U.S. Job Market and Automotive Sales Trends Support Growth in Gasoline Use

September 16, 2015 by U.S. EIA: Today in Energy

Jobs and Trends and Gasoline Use

Although lower gasoline prices have been a very important factor in the increase in gasoline use so far in the year 2015, changes in the labor market and in the vehicle sales mix over the past few years also have contributed to the rise in gasoline use.[read more]

Household Spending on Gasoline and Public Transit Varies by Region, Income

April 19, 2015 by U.S. EIA: Today in Energy

Houshold Spending on Transit and Fuel

Households in different regions of the United States have similar average combined spending on gasoline and public transit, but the composition of that spending varies significantly across regions. In 2013 the average household spent $3,148 annually on gasoline and public transit.[read more]

Fuel Economy Standards Drive Down Projected Gasoline Use; Diesel Use, Product Exports Rise

June 27, 2014 by U.S. EIA: Today in Energy

Fuel Economy, Use, and Export

In the EIA's Annual Energy Outlook 2014, more-stringent vehicle fuel economy standards contribute to a decline in motor gasoline consumption through 2040. Growth in heavy-duty vehicle miles traveled is greater than increasing heavy-duty vehicle fuel economy, contributing to rising diesel fuel demand.[read more]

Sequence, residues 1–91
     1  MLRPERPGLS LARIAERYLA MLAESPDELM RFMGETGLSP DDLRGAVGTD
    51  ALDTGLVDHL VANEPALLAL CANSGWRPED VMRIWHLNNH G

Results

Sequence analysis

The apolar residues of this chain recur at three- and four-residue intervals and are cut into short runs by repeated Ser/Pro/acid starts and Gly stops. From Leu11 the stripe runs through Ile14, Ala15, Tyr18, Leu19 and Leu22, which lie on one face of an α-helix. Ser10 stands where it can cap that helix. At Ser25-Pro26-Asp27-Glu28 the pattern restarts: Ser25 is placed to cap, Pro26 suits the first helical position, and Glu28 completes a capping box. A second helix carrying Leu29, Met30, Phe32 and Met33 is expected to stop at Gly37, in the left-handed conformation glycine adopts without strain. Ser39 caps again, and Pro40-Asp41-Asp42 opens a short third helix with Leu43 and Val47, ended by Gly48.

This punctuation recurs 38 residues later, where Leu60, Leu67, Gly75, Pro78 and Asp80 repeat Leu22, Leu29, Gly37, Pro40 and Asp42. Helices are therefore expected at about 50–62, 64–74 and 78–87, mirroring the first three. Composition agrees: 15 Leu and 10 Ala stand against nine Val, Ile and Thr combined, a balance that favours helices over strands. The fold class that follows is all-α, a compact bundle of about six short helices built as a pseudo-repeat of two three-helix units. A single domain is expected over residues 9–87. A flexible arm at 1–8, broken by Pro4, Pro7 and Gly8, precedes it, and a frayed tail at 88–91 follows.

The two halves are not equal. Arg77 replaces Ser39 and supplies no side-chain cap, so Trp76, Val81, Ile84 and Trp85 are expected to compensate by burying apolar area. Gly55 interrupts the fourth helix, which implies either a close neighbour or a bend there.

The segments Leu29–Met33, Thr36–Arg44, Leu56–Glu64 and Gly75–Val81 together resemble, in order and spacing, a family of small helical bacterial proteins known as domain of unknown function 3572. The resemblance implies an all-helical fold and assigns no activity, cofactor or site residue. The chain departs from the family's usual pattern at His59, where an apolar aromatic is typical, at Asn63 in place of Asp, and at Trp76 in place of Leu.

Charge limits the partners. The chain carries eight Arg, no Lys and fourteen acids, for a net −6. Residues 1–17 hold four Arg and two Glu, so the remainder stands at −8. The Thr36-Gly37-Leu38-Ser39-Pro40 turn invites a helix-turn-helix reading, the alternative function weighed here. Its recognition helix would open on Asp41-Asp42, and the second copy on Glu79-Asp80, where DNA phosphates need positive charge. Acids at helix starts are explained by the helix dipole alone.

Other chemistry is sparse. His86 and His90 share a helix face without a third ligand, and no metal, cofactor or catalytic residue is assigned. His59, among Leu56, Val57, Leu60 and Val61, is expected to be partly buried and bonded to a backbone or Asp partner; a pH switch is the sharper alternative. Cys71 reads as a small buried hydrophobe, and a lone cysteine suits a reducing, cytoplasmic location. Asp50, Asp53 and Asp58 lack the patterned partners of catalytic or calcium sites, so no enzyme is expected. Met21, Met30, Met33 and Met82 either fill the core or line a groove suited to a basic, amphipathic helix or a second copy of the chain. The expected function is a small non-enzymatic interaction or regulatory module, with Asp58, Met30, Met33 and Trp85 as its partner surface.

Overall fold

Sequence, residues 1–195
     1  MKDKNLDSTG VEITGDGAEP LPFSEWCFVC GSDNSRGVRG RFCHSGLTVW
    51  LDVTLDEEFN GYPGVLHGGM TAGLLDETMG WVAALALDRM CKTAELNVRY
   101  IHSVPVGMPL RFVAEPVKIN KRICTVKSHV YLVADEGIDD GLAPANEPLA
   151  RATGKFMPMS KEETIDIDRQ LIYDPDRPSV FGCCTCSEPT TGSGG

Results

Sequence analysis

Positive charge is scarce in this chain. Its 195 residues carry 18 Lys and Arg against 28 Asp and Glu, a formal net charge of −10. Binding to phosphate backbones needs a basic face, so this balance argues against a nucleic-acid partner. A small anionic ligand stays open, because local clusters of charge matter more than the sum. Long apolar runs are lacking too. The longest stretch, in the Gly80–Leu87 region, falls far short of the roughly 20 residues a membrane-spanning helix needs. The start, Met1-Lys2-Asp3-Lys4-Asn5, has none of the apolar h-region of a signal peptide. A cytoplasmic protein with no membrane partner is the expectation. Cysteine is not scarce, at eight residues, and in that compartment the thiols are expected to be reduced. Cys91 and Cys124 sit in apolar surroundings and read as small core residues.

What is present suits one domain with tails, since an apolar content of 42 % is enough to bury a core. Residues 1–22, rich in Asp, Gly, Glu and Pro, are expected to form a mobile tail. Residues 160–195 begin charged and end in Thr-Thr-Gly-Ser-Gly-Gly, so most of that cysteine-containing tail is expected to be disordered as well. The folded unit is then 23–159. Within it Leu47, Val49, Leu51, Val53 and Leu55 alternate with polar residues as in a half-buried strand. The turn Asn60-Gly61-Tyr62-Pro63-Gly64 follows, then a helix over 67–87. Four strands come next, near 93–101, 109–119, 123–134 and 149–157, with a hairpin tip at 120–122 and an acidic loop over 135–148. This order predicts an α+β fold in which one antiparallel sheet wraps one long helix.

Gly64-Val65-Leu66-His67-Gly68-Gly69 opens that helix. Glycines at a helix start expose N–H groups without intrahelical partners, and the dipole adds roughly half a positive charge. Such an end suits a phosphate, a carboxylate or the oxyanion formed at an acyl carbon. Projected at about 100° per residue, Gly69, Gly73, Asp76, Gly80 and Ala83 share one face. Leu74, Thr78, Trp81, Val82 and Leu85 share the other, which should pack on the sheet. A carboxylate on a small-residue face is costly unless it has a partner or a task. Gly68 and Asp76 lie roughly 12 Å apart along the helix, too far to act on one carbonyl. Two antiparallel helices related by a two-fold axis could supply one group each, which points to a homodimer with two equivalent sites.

Debunking the "Electric Cars Aren’t Green" Myth

June 7, 2013 by Lindsay Wilson

EV emissions

It’s time to bust this thing wide open. "Electric cars aren’t green" is a great bit of counter-intuitive headline bait, but it’s bad maths.[read more]

Ethanol and Biofuels: Just The Facts, Please

March 27, 2013 by Mark Green

The Renewable Fuels Association (RFA) has been circulating a video titled “40 Facts about Ethanol.” Unfortunately, this list of “facts” that couldn’t be further from factual.[read more]

Study: E15 Could Put Some Engines at Risk

May 20, 2012 by Mark Green

More on the potential risk to America’s car and truck fleet posed by E15 – gasoline containing 15 percent ethanol that has EPA approval: Just-released research indicates that more than 5 million existing cars and light trucks, which EPA says are OK for E15 use, could develop engine problems as a result.Why this discrepancy?  The...[read more]

Follow-up to Alan Colmes’ Interview: Gasoline Prices and Keystone XL

March 4, 2012 by Robert Rapier

Photo by Marion E via Flickr

During my interview last week with Alan Colmes (embedded below), a few points were discussed that warrant some elaboration. Watch the latest video at The first is the conversion from winter to summer gasoline, which I have written about in more detail at Why Summer Gasoline Means Higher Prices. Just to be...[read more]

What’s So Bad About Exporting Gasoline?

January 9, 2012 by Robert Rapier

One of my Top 10 Energy Stories of 2011 was the fact that the U.S. had become a net exporter of finished petroleum products such as diesel and gasoline. In fact, because gasoline and diesel prices were so high, fuel exports were valued at $88 billion, which made them the top value export in 2011 for the first time ever:[read more]

Why Haven't Gas Prices Fallen More?